Structural mechanics Simulation

    The finite element analysis (FEA) is an established procedure for the calculation of structural, thermal, acoustic and coupled problems. With this method, it is possible to examine the load situation of a product virtually before a first prototype has been produced. In this way, a design version can be analyzed realistically and, if necessary, optimized by constructive adjustments. In the best case, only a few and necessary tests are carried out later. Thus, the application of the finite element analysis can lead to a reduction in development costs.

    Introduction to structural mechanics simulation (finite element analysis)

    The finite element method is a numerical approximation method for any field problem, i.e., for problems that can be described by partial differential equations. In structural mechanics, it can be used to calculate almost all conceivable mechanical load situations. The aim of this section is, to give an overview of this analysis method during the product development process of mixing and application systems.

    In general, a typical finite element analysis consists of three steps:

    1. Pre-processing phase
    2. Execution of the numerical simulation
    3. Post-processing of the results for visualization, parameter extraction and optimization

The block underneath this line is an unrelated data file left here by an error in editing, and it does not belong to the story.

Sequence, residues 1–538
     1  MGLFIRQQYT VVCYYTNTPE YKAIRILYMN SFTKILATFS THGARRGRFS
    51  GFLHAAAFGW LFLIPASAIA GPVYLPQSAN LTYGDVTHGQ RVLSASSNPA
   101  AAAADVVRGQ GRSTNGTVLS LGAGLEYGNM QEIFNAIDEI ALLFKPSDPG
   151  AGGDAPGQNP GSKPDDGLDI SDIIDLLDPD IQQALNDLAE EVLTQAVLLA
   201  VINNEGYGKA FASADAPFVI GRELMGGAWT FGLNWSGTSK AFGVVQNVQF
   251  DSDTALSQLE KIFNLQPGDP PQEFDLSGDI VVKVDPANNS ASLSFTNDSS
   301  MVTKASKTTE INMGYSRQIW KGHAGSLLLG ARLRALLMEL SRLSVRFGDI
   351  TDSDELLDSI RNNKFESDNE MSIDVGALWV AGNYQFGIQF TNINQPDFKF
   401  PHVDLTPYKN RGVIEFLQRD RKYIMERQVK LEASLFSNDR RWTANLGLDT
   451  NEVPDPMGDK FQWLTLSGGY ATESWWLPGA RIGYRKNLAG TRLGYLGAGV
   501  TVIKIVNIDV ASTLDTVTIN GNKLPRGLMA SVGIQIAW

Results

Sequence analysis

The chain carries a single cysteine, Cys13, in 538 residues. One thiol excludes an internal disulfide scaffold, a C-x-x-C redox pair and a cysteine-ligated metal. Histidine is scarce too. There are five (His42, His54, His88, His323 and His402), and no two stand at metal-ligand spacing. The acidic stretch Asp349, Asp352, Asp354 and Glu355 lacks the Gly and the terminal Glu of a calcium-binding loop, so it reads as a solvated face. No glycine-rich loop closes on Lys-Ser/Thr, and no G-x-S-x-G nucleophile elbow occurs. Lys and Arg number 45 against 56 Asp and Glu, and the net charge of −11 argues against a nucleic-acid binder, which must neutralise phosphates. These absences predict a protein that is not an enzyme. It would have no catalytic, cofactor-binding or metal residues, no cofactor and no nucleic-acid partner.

Pre-processing

    The three-dimensional structure is usually created using a CAD program (Computer Aided Design). After importing this geometry into the pre-processor, the preparatory work for the analysis takes place:

    Geometry simplification and processing, dimensionality: Among other things, geometric details that are not important for the intended analysis will be removed. This can be e.g., radii, holes or later unloaded regions. Furthermore, it is decided whether a 3D, 2D or axisymmetric analysis should be carried out. The aim of this work is to reduce the complexity of the model, only take the essential details with it and thus ultimately reduce analysis time and costs.

    Discretization: Now the part geometry is divided into small finite elements connected at the nodes. The elements differ in the dimensionality, the number of nodes and the internal descriptions and are selected by the user based on the specific calculation requirements. Depending on the dimension of the problem to be described, bar elements (1D), shell elements (2D) or volume elements (3D) are used. The usual analysis programs have a large number of different element descriptions at each dimension. For example, to capture curvilinear element boundaries, 2 nodes at one side of an element are no longer sufficient. It must be inserted at least one more node in the middle between 2 corner nodes. The number of nodes per element side influences the internally used so-called approach functions, which is the internal mathematical description of each element, but also the calculation costs.

    Figure 1 - 3D Finite element mesh (Tetrahedron elements) of a static machine mixer